Following the establishment of such conditions, the central examination of the UBI was based around simulations of implementation within eight economies: Brazil, Egypt, France, Mexico, Poland, South Africa, the UK and the US. The choice of countries controlled for heterogeneity in geographical area, developmental stage (emerging market and advanced economies), and the generosity and progressivity of the countries’ current noncontributory transfers. The analysis of a UBI was then judged on whether it could increase coverage (the number of beneficiaries) and progressivity (those most in need benefiting proportionally more) of current redistributive programs, without impeding growth.


In almost all cases coverage increased, given the universality of UBI, however improvements in progressivity very much depended on the financing method and the existing level of progressivity within a particular economy. Where UBI was seen as a replacement for current benefit systems, countries with low progressivity but high coverage, such as South Africa, saw larger swathes of their lower earners suffer at the expense of a smaller percentage of beneficiaries within the same income category. In this circumstance, where consumption inequality is higher as a consequence of income inequality, progressivity as well as coverage could be improved if a UBI was financed by increased indirect taxation (consumption tax) rather than through cuts to the current system. In economies where both coverage and progressivity are already relatively high, such as the UK and France, replacing the current system with a UBI would be regressive. Similarly, even in a country where progressivity is high but coverage low, such as Brazil, the introduction of a UBI as a replacement would likely trade one off against the other, ultimately negatively affecting lower income households. In the situation where PIT among the top-earners is increased as a way of financing a UBI (altering the economic behaviour of these payers), the model calibrated to the US economy (moderate coverage and progressivity) found that, although efficiency, in terms of output forgone, was lower than against a system with indirect taxes, the PIT increase yielded greater overall welfare, especially where aversion to inequality was high. The final scenario, where simulations focused on comparing a UBI funded either directly, indirectly or through cuts, against the expansion of a benefit – the Earned Income Tax Credit (EITC) in the US – at the same fiscal cost, found that, due to the targeted nature of the EITC subsidy, welfare improvements were higher than would experienced under the implementation of a UBI.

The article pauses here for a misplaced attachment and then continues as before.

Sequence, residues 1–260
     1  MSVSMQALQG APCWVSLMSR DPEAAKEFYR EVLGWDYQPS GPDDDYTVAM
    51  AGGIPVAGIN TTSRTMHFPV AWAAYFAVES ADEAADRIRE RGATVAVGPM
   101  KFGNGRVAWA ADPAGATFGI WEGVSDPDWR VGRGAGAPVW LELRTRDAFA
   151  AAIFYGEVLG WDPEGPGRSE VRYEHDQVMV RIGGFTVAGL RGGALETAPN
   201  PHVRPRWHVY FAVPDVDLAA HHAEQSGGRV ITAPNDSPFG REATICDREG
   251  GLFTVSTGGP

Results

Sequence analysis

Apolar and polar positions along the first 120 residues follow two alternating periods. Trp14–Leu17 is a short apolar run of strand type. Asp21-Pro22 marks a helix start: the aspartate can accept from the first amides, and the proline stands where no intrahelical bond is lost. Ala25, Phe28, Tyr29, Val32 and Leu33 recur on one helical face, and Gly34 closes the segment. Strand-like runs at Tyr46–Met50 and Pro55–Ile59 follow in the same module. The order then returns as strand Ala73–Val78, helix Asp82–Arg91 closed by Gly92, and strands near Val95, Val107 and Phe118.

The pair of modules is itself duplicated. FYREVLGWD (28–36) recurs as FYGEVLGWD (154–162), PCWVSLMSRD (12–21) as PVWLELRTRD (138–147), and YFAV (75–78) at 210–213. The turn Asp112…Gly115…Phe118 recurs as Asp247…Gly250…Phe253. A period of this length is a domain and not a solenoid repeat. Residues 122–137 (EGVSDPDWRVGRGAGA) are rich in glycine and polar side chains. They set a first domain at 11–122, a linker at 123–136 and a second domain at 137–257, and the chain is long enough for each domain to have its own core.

In summary, The Fiscal Monitor concluded that a perfectly implemented means-tested system would always be superior to a UBI, since it would ensure the necessary coverage and provide the greatest level of progressivity within the bounds, constraints and conditions assumed. Therefore, in countries where there is a ‘good’ transfer program, the finance necessary to fund a UBI would be better used on improving the current system. That said, in reality, given the existence of imperfections in such systems, a UBI could be a powerful means of combating poverty and extreme poverty, especially in countries where both progressivity and coverage is poor. It was also noted that a UBI could be implemented for other reasons, such as in combatting job market disruptions associated with technological progress.


More information at:

IMF Publications, ‘IMF Fiscal Monitor: Tackling Inequality, October 2017’, International Monetary Fund website, October 2017